Google is well known for its corporate philanthropy, and among its many schemes is a matching gift programme where donations between $50 and $12,000 made by employees are matched by the firm at a 1:1 ratio. Another example is UK insurance broker Club Insure. It announced this year that it aims to raise £75,000 for Prostate Cancer UK by donating £5 for every new or renewed insurance policy.
Donating product like-for-like
Rather than buy-one-get-one-free, you can give-one-away-for-every-one-bought. This worked for Dashel, which gave away one of their stylish recycled cycle helmets to an NHS keyworker for each one bought online during lockdown. This initiative gave a real benefit to NHS workers choosing to cycle, rather than risk public transport, and Dashel showed themselves to be a truly ethical company. In turn, they found their helmets in demand.
Stand4 Socks also donates one product for each sold. They recognised that the most requested items from homeless shelters are pairs of socks. As a result, they designed suitable socks for homeless people and donate a pair with every sale.
Among the larger corporations who donate their products is TOMS, based in Los Angeles, whose mission is to donate a pair of shoes for very pair they sell. The company has already given over 60 million pairs of shoes to children in need as well as using some of their profits to provide prescription glasses, which they also produce, to assist the visually impaired.
For smaller businesses with limited resources, volunteering is an excellent way to contribute. Many of the big organisations offer paid Corporate Volunteering Days to staff. This may be harder for small businesses, but even a couple of half-days might make a difference and boost morale. It could be very local volunteering, such as helping to run a bazaar for a local community organisation.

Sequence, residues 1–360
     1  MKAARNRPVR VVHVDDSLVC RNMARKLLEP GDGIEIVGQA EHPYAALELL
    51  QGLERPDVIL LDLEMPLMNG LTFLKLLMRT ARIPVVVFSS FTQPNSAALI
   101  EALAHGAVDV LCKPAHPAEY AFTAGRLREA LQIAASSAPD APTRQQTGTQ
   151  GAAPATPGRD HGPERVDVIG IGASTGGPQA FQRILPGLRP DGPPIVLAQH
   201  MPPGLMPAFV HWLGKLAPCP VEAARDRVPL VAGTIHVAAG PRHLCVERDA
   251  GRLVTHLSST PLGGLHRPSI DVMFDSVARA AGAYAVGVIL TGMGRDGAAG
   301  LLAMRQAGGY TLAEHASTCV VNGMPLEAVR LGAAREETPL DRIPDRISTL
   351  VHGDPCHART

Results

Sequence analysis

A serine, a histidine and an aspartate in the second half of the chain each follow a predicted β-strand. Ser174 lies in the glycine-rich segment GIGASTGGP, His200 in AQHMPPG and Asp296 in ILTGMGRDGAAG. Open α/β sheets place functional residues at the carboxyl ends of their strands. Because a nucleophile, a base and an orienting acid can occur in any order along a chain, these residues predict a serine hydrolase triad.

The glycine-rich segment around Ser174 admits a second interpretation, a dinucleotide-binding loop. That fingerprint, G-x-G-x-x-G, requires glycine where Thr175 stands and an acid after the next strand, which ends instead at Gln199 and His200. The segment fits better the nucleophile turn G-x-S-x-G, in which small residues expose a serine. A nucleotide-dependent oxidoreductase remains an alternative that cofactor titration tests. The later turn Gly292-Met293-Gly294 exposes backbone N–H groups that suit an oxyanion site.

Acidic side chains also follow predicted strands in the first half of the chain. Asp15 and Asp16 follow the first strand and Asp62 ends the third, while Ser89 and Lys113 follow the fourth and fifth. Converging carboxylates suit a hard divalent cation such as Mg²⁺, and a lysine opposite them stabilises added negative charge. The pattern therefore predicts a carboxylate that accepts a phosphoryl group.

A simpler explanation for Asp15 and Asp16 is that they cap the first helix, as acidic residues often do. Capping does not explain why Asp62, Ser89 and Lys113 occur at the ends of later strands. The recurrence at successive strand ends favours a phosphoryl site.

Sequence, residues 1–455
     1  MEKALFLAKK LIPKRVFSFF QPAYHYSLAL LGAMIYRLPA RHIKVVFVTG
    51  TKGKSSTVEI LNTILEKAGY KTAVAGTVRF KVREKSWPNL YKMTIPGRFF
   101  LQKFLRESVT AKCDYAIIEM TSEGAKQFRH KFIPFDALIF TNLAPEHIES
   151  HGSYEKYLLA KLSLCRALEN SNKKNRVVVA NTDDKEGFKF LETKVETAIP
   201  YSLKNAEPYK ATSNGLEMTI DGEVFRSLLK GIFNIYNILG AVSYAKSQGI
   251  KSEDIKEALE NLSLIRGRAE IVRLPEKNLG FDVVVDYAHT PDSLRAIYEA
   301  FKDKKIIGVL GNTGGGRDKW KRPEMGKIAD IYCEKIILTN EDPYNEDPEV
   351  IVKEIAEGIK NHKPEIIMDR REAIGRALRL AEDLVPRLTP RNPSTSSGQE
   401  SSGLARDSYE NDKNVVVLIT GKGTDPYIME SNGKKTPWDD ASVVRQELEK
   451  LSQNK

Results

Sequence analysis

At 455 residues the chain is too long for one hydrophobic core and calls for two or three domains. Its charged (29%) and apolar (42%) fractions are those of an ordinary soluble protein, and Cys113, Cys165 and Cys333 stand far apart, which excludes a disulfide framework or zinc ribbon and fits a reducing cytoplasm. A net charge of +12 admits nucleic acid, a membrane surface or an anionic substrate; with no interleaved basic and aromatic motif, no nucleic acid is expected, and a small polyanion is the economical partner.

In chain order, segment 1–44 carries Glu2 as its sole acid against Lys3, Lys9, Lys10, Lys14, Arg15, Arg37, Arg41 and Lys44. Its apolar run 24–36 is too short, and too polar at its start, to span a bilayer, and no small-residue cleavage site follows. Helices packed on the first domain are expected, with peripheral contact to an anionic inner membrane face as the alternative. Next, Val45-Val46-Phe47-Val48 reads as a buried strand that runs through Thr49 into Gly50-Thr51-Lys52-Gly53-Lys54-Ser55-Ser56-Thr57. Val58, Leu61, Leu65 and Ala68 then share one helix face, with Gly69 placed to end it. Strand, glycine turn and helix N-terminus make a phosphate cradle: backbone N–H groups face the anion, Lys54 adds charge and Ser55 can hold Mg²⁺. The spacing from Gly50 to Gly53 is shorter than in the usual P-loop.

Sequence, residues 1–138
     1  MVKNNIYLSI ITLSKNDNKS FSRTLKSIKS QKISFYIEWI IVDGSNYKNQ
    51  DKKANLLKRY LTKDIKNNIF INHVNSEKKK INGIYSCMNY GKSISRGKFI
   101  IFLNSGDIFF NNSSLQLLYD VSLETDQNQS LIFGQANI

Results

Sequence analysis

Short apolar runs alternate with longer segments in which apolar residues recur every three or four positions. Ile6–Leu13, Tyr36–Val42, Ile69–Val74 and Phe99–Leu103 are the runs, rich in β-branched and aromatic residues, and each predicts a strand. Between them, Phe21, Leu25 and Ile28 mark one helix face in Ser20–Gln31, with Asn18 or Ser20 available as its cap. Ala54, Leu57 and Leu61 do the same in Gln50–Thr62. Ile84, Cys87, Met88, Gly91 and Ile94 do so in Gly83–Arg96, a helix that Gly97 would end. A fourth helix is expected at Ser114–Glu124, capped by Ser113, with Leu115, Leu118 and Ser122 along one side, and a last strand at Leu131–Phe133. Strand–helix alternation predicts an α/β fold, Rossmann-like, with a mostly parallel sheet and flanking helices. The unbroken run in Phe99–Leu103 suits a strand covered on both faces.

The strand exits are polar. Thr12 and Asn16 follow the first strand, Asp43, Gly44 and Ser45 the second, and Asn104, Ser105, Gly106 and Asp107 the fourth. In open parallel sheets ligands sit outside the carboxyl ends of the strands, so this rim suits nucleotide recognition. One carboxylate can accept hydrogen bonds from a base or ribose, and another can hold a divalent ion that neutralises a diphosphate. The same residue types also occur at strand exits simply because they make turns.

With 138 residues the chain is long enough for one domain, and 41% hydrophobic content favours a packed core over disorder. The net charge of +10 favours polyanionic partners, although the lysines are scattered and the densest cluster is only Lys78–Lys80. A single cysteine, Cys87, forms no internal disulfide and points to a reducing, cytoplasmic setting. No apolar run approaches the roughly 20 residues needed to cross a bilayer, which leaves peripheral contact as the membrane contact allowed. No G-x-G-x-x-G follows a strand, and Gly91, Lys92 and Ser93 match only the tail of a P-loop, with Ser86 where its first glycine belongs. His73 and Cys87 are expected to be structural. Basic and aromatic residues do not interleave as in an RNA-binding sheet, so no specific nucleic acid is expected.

Thames Tideway, which was established to protect the tidal River Thames from pollution, is very keen on volunteering. The treasury team goes litter-picking along the river bank, together with other departments, as a team-building exercise, which their treasurer says is “more fun than it sounds!”
You may have services that you can provide to a smaller charity. Reach Volunteering is a platform connecting businesses with skills they want to offer with organisations looking for help: https://reachvolunteering.org.uk/
Here are some tips to help get you started:
- Choose something that resonates with you and/or your business because the effort will be difficult to sustain if your heart’s not really in it.
- Consider allowing bigger teams to choose what they want to do to contribute. You’ll get better buy-in and they get even more enjoyment.
- You can start small. Once you’ve got going it’ll be easier to expand your contribution.
- Announce it on your social media and website, on your packaging. Let everyone know what you are doing!
CSR encompasses a range of activities and opportunities to contribute. I hope this quick review will inspire you and your company to jump in and take action.
Shon Alam is the Founder of Bidwedge, which changes unused foreign currency, even small amounts, back into sterling.